**Reason**: We’re iterating through each i once (which takes O(n) time) and then for each i, we’re searching for the last station where we can reach starting from gas station i (which takes another O(n) time for each i). Therefore, the total time complexity is O(n^2).

#### Space Complexity

O(1)

**Reason:** No extra space is used.

## Efficient solution

Another approach is there, which is supported by two facts and is very efficient. The facts are:

**If the total number of gas is bigger than the total number of costs. Then only can we find a solution. Otherwise, no solution.****If a car starts at gas station A and can’t reach gas station B, then any gas station between A and B can’t make us reach B.**

**Proof for 1:** For a solution to be existing, we should complete one full circular clockwise traversal of the stations. If the sum of all the number of gases is less than the sum of the number of costs, there will be some gas station x, where cost[x] > gas at x. And therefore, we won’t be able to complete one full circle.

**Proof for 2:** Let’s say there is a gas station C between A and B. Now assume we start at A, we’re not able to reach B, but we can reach all the stations till B-1 and C<=B-1. Then when we reach C from A, we must have had some positive gas amount in the tank. Now, if, after starting from this positive amount, we aren’t able to reach B, then how can we reach B after starting from C with gas amount 0? Not possible, right? Thus the fact is true.

Note that here, not being able to reach station B from station A means that at B, gas[B] <cost[B].

So based on fact 2, if after starting from A we aren’t able to reach B, we need to initiate our next search from B+1. Therefore, if gas[B]<cost[B], we need to set the total amount of gas in the gas tank as 0 and the start point as B+1.

**The steps are as follows **:

- Run a for loop and find the total sum of the number of gas at each station. Do the same for finding the sum of the total cost at each station.
- Compare both of these. If total gas<total cost, return -1 because no solution is possible.
- Otherwise, initiate two variables, current_gas, and start_station to 0.
- Run a for loop for iterating through each station, whether we can start from it or not. For any i,
- If the current_gas in the tank at this station becomes negative, we know that i can’t be that start point. So, update the value of current_gas as 0 and start_station as i+1.
- Otherwise, keep moving on to the next i.

- Return start_station.

### Implementation

Let’s see the implementation of the above approach.

#include<bits/stdc++.h> using namespace std; int canCompleteCircuit(vector<int>& gas, vector<int>& cost){ int total_gas=0; int total_cost=0; for(int i = 0;i<gas.size();i++) { // finding total gas sum and cost sum total_gas+=gas[i]; total_cost+=cost[i]; } if(total_gas<total_cost){ // if total gas sum is less than total cost sum, //there is no solution, so return -1. return -1; } //else // initialize current_gas = 0 and start_station = 0. current_gas denotes the // amount of gas in the tank at the moment. Start_station denotes the index of the // station we're starting with. int current_gas = 0; int start_station = 0; for(int i = 0;i<gas.size();i++) { current_gas += gas[i] - cost[i]; if(current_gas < 0) { //if current_gas is less than 0, we're not able to reach i from start_station. //So we need to change the start_station to i+1 and current_gas to 0. current_gas= 0; start_station = i + 1; } } return start_station; // return start_station. } int main(){ int n; cin>>n; //total number of gas stations vector<int>gas(n); //vector for storing the gas values vector<int>cost(n); //vector for storing the cost values for(int i=0;i<n;i++){ cin>>gas[i]; } for(int i=0;i<n;i++){ cin>>cost[i]; } int ans = canCompleteCircuit(gas,cost); cout<<ans<<endl; return 0; } |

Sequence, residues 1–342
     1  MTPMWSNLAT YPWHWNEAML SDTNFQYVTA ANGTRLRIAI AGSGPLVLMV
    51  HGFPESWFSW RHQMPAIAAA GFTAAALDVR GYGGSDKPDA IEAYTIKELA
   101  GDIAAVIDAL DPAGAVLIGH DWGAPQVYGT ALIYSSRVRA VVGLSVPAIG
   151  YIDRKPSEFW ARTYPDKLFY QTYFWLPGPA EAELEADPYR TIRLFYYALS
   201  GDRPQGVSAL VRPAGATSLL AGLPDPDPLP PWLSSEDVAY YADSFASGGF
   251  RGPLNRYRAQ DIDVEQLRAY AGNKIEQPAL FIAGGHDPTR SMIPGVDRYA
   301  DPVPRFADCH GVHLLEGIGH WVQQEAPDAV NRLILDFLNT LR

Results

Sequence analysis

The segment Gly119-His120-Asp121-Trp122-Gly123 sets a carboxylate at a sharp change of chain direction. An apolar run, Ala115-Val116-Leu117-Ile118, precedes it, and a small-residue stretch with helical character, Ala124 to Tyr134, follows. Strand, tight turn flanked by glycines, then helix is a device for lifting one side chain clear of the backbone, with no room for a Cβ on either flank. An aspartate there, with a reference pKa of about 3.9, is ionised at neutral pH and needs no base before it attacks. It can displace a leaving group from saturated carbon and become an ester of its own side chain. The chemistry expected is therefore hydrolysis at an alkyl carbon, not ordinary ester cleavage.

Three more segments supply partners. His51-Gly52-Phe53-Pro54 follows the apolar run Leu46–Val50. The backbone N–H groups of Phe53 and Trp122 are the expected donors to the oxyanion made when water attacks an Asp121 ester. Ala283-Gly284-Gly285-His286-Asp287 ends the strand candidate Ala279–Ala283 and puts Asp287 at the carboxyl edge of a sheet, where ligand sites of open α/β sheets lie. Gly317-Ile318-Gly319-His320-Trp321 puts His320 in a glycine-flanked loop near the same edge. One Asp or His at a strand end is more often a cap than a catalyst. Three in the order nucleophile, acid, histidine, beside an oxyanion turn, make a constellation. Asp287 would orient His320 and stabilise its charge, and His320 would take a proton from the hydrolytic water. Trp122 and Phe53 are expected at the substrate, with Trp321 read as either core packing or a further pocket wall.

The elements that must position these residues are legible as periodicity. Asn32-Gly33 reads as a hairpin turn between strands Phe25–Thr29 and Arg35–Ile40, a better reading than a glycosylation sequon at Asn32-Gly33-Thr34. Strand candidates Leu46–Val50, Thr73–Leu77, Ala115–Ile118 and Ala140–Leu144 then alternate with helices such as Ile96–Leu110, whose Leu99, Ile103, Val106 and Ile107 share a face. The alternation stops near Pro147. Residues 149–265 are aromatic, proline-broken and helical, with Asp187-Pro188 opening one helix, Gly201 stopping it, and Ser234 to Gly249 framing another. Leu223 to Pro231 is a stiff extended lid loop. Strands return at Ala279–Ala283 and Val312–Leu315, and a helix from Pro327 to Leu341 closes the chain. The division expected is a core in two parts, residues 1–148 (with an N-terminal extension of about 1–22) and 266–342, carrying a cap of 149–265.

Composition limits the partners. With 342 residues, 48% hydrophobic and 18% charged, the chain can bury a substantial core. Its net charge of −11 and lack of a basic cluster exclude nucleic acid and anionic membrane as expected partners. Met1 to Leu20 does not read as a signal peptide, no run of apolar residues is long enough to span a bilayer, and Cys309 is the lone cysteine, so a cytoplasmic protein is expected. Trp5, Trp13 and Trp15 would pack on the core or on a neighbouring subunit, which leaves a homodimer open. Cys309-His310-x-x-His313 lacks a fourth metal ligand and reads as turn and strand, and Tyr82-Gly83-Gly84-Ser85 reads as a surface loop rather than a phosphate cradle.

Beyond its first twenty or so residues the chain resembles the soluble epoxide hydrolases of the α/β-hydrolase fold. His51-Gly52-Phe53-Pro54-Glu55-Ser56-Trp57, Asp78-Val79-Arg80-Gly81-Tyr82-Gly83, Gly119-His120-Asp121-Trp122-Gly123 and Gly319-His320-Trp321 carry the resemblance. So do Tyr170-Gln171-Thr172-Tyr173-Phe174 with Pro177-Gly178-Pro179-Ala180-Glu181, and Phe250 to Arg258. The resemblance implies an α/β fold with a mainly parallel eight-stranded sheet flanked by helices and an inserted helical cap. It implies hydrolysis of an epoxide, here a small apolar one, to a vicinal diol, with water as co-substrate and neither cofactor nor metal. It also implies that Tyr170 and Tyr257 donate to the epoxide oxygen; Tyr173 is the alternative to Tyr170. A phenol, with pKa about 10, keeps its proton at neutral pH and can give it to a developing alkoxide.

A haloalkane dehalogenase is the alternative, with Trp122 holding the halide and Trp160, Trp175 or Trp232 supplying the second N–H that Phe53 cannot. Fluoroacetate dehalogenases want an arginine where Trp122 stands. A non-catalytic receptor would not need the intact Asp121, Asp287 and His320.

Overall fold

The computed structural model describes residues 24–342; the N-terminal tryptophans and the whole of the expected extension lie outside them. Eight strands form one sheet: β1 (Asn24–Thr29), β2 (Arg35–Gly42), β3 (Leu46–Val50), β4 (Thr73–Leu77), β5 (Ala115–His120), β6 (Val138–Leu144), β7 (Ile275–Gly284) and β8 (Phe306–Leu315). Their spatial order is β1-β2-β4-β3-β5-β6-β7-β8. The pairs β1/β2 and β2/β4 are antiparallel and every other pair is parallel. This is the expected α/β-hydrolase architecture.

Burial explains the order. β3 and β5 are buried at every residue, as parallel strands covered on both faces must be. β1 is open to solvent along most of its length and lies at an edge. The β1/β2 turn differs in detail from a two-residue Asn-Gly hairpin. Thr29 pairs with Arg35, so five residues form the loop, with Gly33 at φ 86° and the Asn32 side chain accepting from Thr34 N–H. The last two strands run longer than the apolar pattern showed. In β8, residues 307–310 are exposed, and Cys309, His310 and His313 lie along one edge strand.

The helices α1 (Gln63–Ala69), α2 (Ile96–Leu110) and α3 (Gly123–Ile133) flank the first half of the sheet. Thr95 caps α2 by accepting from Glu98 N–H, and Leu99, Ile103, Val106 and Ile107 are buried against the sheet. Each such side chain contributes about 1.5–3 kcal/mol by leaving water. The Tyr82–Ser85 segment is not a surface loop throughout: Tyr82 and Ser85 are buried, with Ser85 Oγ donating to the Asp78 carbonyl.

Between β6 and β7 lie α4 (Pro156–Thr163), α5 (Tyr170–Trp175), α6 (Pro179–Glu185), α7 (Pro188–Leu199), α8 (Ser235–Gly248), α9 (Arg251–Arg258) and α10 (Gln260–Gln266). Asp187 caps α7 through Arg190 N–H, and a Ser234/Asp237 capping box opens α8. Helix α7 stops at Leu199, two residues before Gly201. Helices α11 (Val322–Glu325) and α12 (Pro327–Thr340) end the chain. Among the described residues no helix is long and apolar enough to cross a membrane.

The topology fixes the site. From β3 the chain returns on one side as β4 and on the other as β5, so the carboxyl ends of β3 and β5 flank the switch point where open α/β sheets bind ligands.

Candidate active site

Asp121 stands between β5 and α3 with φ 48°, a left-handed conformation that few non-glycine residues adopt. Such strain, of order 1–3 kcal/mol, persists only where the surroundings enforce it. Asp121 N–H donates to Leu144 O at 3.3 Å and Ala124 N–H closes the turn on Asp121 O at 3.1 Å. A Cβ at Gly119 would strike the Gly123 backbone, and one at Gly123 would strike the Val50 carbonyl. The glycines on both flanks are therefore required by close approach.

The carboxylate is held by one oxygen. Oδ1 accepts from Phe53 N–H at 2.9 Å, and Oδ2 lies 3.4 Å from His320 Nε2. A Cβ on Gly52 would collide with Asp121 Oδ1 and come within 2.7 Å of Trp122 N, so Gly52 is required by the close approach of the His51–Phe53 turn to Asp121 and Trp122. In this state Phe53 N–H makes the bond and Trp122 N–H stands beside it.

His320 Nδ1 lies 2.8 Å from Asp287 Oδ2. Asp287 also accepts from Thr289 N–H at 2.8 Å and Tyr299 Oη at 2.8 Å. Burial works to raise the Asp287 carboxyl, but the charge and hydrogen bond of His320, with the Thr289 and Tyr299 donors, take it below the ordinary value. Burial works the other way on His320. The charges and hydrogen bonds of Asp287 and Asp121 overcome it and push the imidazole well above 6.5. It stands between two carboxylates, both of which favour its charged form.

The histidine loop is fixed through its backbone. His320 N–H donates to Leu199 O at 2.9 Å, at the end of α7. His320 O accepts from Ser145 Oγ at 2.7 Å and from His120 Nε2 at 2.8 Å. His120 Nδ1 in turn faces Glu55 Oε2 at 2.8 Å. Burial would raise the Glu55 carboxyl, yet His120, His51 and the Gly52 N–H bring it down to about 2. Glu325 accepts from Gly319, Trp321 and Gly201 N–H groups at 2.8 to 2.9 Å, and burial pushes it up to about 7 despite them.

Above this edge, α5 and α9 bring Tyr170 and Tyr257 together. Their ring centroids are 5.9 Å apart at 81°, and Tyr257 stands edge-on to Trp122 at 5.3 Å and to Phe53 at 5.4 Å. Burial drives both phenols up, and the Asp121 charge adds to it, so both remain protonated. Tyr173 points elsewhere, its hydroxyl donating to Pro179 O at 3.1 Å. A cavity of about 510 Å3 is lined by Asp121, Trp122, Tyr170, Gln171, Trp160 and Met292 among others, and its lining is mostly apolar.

Input

n=5, gas = [1,2,3,4,5], cost = [3,4,5,1,2] |

Output

3 |

### Complexities

#### Time Complexity

O(n), where n is the number of gas stations.

**Reason**: Since we’re just traversing all the stations once, it takes O(n) time.

#### Space Complexity

O(1)

**Reason:** No extra space is used.

*If you've made it this far, congratulations, Champ. The problem of "*__Gas station__* " is now resolved. If you haven't already submitted it to *__CodeStudio.__* Without further ado, have it accepted as early as possible.*

**Attention reader!!** In this same problem, a variation can be made by giving distance instead of cost, but the logic will be the same. You can submit the code for this variation __here__ on __CodeStudio.__

## Frequently asked questions

**1. What is a circular route?**

**Answer:** A circular route is a route following a path approximating a circle.

**2. Where can I submit my “Gas station” code?**

**Answer: **You can submit your code __here__ on CodeStudio and get it accepted right away.

**3. Are there more Data Structures and Algorithms problems in CodeStudio?**

**Answer: **Yes, CodeStudio is a platform that provides both practice coding questions and commonly asked interview questions. The more we’ll practice, the better our chances are of getting into a dream company of ours.

## Key Takeaways

In this article, we discussed the gas station problem. Another variation of this problem is __here__, which has the same logic. We have just replaced the cost vector with a distance vector. So you should try solving it. This was a **greedy** problem. You’ll find a lot of problems being asked during various __coding contests__ and __placements tests__ from this topic. Some of them are __jump game__, __container with most water__, __candies__, and __three ninjas candidate__.

To practice more such problems, __Codestudio__ is a one-stop destination. This platform will help you acquire effective coding techniques and give you an overview of student interview experience in various product-based companies.

Happy Coding!